Taking complexity in an R/C vehicle to a new level, the Hilux was equipped with Tamiya’s first three-speed, radio-shiftable transmission. In keeping with the manufacturing traditions of the day, most of this trucks chassis and running gear are metal.
This view shows what’s going on underneath. The clear mechanism box housed the radio and servos and provided a high degree of water resistance. The black box with the silver top in the middle left of the chassis is a transistorized speed controller (an early electronic speed control). Its cousin, the Blazing Blazer, had a mechanical speed control. Up front is the RS-540 motor coupled to the three speed transmission. All these parts were supported by a metal ladder frame very similar to the real thing.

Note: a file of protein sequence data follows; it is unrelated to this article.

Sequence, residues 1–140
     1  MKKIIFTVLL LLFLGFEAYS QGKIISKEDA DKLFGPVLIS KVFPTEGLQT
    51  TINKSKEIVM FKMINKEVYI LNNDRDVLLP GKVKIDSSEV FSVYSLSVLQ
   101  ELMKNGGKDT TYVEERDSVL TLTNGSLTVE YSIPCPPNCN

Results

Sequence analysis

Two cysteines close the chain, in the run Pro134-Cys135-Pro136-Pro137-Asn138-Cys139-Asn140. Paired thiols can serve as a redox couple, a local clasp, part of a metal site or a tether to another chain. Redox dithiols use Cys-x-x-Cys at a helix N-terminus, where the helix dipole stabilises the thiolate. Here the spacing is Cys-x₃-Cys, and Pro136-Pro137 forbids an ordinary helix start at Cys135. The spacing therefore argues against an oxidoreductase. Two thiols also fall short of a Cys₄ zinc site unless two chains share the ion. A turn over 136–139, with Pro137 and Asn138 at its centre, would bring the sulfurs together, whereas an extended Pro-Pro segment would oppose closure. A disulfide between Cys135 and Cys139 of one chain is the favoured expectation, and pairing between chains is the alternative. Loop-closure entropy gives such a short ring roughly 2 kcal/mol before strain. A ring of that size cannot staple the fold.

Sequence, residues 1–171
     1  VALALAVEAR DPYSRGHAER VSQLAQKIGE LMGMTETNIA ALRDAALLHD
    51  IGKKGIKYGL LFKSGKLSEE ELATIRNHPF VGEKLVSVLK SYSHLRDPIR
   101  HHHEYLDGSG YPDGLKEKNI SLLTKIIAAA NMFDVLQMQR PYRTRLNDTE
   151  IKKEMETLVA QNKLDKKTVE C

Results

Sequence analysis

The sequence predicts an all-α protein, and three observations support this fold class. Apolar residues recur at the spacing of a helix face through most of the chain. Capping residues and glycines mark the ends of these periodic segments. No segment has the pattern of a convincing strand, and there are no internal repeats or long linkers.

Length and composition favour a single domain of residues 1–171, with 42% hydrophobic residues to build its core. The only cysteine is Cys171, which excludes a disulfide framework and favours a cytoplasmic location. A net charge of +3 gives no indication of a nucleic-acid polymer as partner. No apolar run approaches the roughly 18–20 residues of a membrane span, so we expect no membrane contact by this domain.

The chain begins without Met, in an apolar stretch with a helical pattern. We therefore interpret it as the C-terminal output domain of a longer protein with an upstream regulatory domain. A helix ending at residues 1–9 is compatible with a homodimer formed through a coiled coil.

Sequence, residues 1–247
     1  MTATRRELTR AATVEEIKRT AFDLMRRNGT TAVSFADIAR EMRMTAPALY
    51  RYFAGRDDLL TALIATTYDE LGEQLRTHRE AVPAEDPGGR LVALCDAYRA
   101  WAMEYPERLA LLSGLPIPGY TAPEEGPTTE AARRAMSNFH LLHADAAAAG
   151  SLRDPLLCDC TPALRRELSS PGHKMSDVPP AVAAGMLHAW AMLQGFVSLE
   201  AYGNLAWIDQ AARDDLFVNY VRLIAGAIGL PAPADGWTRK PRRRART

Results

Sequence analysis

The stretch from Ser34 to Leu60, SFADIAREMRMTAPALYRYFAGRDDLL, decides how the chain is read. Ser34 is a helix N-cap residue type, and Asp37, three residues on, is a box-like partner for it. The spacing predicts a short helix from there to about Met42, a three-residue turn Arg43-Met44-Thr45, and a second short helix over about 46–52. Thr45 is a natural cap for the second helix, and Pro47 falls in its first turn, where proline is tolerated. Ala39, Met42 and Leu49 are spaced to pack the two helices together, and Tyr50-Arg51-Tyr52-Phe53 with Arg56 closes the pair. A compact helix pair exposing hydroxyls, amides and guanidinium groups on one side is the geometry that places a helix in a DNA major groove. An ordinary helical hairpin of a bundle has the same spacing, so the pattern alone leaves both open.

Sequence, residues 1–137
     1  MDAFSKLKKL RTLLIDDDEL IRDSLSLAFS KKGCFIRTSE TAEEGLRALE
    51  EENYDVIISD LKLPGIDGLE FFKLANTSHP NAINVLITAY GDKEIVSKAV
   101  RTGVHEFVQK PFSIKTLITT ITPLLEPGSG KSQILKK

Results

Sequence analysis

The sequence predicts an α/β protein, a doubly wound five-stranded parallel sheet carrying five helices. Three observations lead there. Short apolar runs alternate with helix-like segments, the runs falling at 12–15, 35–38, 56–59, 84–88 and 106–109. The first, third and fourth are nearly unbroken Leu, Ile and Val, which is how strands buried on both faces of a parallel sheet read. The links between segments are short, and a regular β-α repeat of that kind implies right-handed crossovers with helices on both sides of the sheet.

Close up of electronic speed controller. A transistorized unit that did away with the resistor coil in most mechanical speed controllers of the day, this was state of the art back in 1981! The other photo is a comparison with a Blazing Blazer. The Blazer’s mechanical speed controller is in the mechanism box.
The underside reveals the realism afforded by the Hilux. The transmission and transfer case can be seen with drive shafts extending to front and rear differentials. These are not limited slip differentials. The axles are one-piece solid units so turning can be a bit hairy on pavement. The front hubs can be “unlocked” to allow free wheeling on dry pavement, just like the real thing.
Unlike the Blazing Blazer, the Hilux came equipped with oil-filled shocks like those found on the Rough Rider or Sand Scorcher. The extreme angle of the rear shocks cast doubts on their effectiveness, but they sure look cool! The front shocks are set at a more useable angle.
¬†Classic Tamiya Videos of the Hilux and Blazing Blazer here
Originally posted 2014-10-26 02:02:07.
Bad Behavior has blocked 729 access attempts in the last 7 days.